The present tower replaced the older medieval one which either fell down or was demolished. It took 20 years to build and was finished in 1530.
The tower is the oldest part of the Cathedral as the rest of the church was demolished and rebuilt 1723 – 1725.
The height of the tower is 212 feet (65 metres) to the top of the pinnacles. There are 82 steps to the ringing chamber and 189 steps to the top.
The bells can been seen through a window from the spiral stairs that lead to the roof. You can also see grey patches in the walls where the floor used to be in days gone by.
The outside of the tower is currently home to some of the most famous residents in Derby – the Peregrine Falcons. Living here since 2006, there are currently (May 2008) four chicks. Also in May, a live web camera was installed. Now 1000's of people have heard the bells ringing whilst watching the birds. View their blog here.
The bells of Derby Cathedral are the oldest ring of ten bells in the world. Most of them have been here since 1678 when the number of bells was increased from 6 to 10. The largest bell weighs 19cwt. (965 kg), its note is D-Flat and it is over 500 years old. It is believed that it came from Dale Abbey at the Dissolution of the Monastries. The youngest bell, No. 3, is dated 1693, so all the bells are over 300 years old. Bell no. 8 was in Ashbourne Parish church until 1815.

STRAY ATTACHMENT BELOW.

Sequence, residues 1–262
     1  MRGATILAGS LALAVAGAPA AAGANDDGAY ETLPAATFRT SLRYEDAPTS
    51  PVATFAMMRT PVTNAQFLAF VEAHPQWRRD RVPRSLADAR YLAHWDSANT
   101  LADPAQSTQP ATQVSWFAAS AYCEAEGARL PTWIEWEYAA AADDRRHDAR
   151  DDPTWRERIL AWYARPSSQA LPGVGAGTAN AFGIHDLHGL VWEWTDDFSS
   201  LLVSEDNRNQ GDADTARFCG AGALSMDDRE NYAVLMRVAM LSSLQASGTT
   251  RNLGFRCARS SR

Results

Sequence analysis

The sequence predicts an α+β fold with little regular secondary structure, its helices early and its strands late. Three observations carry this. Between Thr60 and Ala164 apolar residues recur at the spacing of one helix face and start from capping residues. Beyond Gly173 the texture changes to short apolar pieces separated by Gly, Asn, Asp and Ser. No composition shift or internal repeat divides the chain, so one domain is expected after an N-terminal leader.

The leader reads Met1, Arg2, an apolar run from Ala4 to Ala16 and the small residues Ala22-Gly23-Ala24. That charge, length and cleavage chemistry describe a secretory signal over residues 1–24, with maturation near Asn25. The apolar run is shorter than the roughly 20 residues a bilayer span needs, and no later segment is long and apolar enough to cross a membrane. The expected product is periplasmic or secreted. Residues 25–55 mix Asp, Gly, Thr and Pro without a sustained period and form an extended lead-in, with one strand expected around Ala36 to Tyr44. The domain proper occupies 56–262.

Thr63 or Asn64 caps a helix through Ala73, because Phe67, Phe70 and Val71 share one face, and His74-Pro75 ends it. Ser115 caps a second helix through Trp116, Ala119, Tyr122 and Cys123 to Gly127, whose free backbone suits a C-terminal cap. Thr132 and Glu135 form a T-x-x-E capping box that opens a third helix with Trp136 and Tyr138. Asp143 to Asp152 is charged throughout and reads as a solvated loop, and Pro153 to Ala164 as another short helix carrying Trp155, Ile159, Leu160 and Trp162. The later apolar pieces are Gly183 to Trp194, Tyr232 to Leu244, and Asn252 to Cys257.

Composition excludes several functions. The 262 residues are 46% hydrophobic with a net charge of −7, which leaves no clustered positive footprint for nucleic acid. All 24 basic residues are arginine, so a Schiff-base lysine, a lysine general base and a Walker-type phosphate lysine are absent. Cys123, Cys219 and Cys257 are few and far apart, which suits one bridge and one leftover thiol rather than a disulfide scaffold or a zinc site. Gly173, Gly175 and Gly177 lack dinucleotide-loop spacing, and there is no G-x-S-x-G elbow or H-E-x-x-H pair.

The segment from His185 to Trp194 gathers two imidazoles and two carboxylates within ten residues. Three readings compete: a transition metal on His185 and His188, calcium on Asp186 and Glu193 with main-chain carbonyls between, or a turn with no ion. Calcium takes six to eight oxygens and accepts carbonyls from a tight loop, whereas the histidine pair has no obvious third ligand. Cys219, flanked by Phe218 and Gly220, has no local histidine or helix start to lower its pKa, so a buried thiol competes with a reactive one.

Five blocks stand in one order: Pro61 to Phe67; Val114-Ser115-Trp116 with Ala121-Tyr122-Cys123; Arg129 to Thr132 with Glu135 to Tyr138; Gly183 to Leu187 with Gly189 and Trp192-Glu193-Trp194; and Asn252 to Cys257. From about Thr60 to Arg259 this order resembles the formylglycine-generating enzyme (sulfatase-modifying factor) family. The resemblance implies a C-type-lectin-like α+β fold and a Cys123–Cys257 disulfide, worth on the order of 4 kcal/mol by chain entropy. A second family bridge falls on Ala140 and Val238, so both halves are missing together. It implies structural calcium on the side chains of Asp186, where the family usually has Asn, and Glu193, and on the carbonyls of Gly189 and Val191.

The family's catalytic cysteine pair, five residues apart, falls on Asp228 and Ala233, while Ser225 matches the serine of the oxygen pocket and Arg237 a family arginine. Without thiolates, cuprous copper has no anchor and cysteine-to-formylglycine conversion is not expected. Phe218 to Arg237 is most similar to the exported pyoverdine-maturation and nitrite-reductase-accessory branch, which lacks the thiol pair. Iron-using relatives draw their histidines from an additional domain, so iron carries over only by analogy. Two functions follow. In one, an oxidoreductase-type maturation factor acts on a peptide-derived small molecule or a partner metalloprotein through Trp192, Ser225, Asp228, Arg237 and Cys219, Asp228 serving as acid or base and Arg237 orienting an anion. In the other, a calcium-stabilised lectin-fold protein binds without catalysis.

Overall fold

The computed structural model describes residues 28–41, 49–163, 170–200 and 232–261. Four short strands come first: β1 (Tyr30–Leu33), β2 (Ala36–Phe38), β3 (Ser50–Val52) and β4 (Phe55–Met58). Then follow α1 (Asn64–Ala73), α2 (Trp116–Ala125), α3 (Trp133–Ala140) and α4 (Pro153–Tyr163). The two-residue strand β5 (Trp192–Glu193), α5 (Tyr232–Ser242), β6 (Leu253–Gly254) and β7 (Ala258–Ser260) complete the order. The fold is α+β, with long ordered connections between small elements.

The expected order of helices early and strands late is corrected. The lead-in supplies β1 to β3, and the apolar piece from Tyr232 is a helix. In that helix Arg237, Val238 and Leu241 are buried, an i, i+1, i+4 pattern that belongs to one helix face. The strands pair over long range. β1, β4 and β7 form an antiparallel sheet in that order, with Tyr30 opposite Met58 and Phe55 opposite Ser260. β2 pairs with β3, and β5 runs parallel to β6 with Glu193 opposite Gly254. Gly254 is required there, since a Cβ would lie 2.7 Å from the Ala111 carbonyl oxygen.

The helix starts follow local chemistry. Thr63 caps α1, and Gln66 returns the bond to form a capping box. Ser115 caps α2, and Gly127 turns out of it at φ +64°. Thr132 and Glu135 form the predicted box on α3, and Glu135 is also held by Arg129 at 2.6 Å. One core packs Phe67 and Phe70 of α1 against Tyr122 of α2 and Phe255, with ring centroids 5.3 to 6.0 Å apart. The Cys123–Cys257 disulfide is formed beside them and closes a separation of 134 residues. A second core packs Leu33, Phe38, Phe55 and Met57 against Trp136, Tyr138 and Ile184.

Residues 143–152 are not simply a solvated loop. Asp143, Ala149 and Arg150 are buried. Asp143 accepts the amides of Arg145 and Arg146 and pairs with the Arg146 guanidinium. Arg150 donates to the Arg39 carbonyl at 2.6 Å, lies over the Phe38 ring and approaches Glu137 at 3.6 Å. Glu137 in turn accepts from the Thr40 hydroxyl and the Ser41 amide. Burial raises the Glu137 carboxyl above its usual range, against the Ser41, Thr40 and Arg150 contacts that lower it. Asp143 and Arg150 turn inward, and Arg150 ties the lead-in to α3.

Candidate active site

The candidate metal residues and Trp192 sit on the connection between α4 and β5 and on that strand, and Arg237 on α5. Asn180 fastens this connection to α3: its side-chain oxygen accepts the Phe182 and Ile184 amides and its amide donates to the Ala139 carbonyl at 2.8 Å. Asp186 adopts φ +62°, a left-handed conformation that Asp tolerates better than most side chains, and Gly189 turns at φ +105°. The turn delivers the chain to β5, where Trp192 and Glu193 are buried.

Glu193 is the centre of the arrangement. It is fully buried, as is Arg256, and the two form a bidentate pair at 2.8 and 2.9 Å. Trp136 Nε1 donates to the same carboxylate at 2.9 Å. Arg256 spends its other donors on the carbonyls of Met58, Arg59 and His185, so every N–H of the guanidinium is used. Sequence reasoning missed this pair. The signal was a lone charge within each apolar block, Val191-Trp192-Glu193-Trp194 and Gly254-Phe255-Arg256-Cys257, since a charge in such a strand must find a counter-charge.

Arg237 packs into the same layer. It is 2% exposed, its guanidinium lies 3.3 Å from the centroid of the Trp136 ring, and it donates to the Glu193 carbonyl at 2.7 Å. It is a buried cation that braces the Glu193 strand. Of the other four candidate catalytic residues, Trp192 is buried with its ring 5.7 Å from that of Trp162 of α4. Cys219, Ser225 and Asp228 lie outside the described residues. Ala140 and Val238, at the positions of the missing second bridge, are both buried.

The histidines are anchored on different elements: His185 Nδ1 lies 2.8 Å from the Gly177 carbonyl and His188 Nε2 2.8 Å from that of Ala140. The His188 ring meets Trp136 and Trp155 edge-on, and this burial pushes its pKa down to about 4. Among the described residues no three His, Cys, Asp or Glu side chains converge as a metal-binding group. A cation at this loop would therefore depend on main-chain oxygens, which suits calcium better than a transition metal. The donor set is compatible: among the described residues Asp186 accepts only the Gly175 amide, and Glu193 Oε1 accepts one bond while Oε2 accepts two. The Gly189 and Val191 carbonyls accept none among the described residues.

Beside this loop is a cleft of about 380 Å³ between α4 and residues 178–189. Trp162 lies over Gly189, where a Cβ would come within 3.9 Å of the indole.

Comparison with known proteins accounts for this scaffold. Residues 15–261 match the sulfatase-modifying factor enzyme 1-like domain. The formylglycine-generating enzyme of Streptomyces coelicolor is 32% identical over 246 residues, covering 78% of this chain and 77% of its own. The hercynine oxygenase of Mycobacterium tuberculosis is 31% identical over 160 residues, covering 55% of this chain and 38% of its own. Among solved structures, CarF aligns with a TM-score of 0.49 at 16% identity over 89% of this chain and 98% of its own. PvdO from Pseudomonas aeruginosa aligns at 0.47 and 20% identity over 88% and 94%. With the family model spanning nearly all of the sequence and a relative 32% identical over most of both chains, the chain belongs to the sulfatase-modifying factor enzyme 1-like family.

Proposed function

The bells used to hang in a wooden frame. When the church became a Cathedral in 1927 the bells were retuned and ruhung at a lower level in a new metal frame.
Pictorial history of the bells - by Roger Lawson.
The same ten bells are used for the clock, the carillon and for change ringing. Hammers, operated by bellcrank levers and wires, strike the sides of the bells for the clock and carillon. These hammers are pulled out of the way to allow the bells to turn full circle for service ringing. At appropriate times the clock sends signals to strike the hours, quarters and to cause the carillon to play.
The tubes which go through the walls to drive the hour hands of the clock are cavalry carbines from the 1745 uprising when Bonnie Prince Charlie came to Derby.
Until 1976 the clock and carillon were driven by heavy weights which had to be wound up twice a week. They are now electrically driven.
The Carillon operates like a giant musical box. The large cylindrical drum with pegs rotates to trip levers connected by wires to hammers which strike the outside of the bells. Two hammers are required for each bell as some tunes need the same note struck twice in quick succession.
The Carillon plays a 9 am, 12 noon and 6pm. The array of trip leavers moves axially to a fresh set of pegs so that a different tune is played each day.
The tunes are:
On Saturday the tune is the Derby Ram – the regimental march of the Sherwood Foresters. We hope it also inspires Derby County Football team.
The official web site for Derby Cathedral.